Right as the NHL Trade Deadline was closing, the Buffalo Sabres pulled off a massive deal, sending star forward Matt Moulson and Cody McCormick to the Minnesota Wild in exchange for Torrey Mitchell and a second-round draft pick. The move is a huge steal for the Wild, and one that affirms their desire to go all-in for the Stanley Cup this spring.
The biggest asset being acquired was certainly Moulson, who will slot firmly into the team’s second line alongside Charlie Coyle and Mikko Koivu. This is a role that suits the 30-year old perfectly, as he isn’t well-rounded enough to be a first-liner on a championship-caliber team, but does have an innate ability to slam home goals.
When put together with his two new linemates, Moulson will help to form a secondary unit that isn’t especially flashy, but will play hard in both ends of the ice and can contribute goals from hard work come playoff time.
Combining this with an offensive unit spearheaded by Zach Parise, and this is a group that is going to play fundamentally sound hockey. The team will put in the dirty work necessary to be always be competitive in the playoffs. The addition of Moulson now gives the team three genuine goal-scoring threats alongside Parise and Jason Pominville, but doesn’t deviate from the vision of a unit that plays two-way hockey in the postseason.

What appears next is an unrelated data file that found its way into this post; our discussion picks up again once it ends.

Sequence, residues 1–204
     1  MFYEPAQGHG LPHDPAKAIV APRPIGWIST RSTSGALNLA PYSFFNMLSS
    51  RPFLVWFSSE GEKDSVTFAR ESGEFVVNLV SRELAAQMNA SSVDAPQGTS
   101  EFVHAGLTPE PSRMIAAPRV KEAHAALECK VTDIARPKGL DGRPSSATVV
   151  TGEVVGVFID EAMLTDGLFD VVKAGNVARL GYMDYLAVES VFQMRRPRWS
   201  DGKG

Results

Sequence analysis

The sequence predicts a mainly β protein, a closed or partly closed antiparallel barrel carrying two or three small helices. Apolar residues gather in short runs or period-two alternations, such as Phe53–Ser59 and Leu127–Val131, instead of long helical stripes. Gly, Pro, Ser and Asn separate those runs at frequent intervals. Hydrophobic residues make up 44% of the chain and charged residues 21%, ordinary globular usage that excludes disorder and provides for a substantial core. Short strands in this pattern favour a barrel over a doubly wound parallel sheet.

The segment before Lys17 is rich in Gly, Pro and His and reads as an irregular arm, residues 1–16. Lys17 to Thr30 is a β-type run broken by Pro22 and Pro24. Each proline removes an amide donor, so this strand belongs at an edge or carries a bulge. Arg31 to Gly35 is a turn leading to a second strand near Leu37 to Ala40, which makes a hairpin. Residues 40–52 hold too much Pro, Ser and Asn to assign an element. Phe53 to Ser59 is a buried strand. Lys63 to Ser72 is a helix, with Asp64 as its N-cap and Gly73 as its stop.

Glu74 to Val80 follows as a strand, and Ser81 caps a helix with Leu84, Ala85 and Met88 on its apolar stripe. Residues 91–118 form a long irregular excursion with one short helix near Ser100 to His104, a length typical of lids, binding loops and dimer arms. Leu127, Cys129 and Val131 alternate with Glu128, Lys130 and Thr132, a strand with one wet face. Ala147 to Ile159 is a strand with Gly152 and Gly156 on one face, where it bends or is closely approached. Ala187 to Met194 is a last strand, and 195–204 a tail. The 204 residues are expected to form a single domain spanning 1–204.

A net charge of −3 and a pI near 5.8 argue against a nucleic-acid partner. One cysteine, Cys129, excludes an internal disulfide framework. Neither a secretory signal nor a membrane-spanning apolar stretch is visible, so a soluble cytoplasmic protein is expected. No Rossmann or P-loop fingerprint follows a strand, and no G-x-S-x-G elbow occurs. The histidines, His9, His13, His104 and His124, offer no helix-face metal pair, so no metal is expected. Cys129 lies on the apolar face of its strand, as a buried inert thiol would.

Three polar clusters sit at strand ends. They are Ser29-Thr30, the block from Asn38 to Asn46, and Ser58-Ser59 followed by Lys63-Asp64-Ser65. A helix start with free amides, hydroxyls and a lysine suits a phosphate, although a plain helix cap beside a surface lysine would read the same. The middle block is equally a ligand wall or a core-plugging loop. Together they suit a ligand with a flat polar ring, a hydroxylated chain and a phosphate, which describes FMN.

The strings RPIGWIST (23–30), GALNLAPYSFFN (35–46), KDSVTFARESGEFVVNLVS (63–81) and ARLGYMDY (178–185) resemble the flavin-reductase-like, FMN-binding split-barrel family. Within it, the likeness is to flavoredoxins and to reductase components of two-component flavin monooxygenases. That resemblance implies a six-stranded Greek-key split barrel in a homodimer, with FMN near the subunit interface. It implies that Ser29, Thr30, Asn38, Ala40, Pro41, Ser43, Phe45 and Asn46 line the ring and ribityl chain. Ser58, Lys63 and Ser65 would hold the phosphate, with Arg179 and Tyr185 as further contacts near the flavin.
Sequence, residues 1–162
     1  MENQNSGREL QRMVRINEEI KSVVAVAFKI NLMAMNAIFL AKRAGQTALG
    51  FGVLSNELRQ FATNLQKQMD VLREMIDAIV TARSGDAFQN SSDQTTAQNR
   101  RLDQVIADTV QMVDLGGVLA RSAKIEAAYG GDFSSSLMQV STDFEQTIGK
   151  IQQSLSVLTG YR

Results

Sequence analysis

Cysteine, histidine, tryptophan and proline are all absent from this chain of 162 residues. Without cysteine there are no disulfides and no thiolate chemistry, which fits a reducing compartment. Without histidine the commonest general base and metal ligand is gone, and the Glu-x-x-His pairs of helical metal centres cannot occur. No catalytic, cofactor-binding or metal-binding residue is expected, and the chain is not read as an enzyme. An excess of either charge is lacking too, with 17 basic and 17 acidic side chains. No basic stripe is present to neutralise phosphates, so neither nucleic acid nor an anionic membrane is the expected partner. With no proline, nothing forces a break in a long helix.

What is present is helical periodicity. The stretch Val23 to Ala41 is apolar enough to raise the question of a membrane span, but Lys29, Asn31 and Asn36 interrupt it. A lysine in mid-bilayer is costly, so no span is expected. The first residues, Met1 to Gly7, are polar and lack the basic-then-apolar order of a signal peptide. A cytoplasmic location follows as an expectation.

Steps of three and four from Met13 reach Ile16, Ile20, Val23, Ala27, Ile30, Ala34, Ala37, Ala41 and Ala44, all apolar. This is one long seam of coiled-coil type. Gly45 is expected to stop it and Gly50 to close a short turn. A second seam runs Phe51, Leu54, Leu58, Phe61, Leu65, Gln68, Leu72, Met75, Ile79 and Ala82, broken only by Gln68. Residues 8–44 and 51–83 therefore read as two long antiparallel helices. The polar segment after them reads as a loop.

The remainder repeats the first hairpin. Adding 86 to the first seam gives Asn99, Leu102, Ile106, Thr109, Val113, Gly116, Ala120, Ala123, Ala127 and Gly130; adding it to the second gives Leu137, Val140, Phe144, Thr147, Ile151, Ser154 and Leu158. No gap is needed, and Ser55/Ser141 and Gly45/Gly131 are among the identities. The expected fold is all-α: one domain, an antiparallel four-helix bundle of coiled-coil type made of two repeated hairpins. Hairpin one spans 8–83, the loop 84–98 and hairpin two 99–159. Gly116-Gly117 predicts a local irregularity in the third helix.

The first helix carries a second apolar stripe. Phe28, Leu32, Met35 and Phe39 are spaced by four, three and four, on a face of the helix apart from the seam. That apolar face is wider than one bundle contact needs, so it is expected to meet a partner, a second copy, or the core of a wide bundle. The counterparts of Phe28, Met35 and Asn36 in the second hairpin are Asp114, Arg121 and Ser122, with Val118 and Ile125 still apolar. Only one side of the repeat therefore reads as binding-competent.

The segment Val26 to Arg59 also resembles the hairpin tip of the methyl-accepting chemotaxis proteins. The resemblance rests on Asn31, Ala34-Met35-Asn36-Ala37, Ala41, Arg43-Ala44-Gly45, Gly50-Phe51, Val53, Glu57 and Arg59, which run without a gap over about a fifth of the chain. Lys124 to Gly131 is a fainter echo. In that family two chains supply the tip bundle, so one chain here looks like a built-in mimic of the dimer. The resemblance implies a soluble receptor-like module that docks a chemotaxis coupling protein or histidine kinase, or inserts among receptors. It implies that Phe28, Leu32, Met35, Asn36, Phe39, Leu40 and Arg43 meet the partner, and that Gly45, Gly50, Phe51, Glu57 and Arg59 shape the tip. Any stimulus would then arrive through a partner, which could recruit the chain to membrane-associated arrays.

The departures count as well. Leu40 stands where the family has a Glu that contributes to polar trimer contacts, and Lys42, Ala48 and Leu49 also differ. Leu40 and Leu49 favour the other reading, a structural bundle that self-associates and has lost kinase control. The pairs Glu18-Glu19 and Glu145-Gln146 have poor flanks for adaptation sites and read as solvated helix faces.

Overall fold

When looking at the rest of the Wild, it is clear that this is a team that is suited to win come playoff time. Defensively, the team is led by Ryan Suter, who will undoubtedly play at least 30 minutes in every playoff game, but secondary players Jared Spurgeon, Jonas Brodin and Nate Prosser can’t be overlooked. This unit as a whole plays a brand of physical, hardworking hockey that will translate well in the playoffs, and it has the team ranking fifth in the NHL in goals allowed per game despite going through three goalies this season.
Acquiring Moulson and veteran goaltender Ilya Bryzgalov prior to the NHL Trade Deadline reinforces the Wild with two players who aren’t going to specifically wow anyone, but who fill much-needed holes on the roster. Come playoff time, it would be hard to bet against Minnesota, who are now one of the most well-rounded teams in the NHL.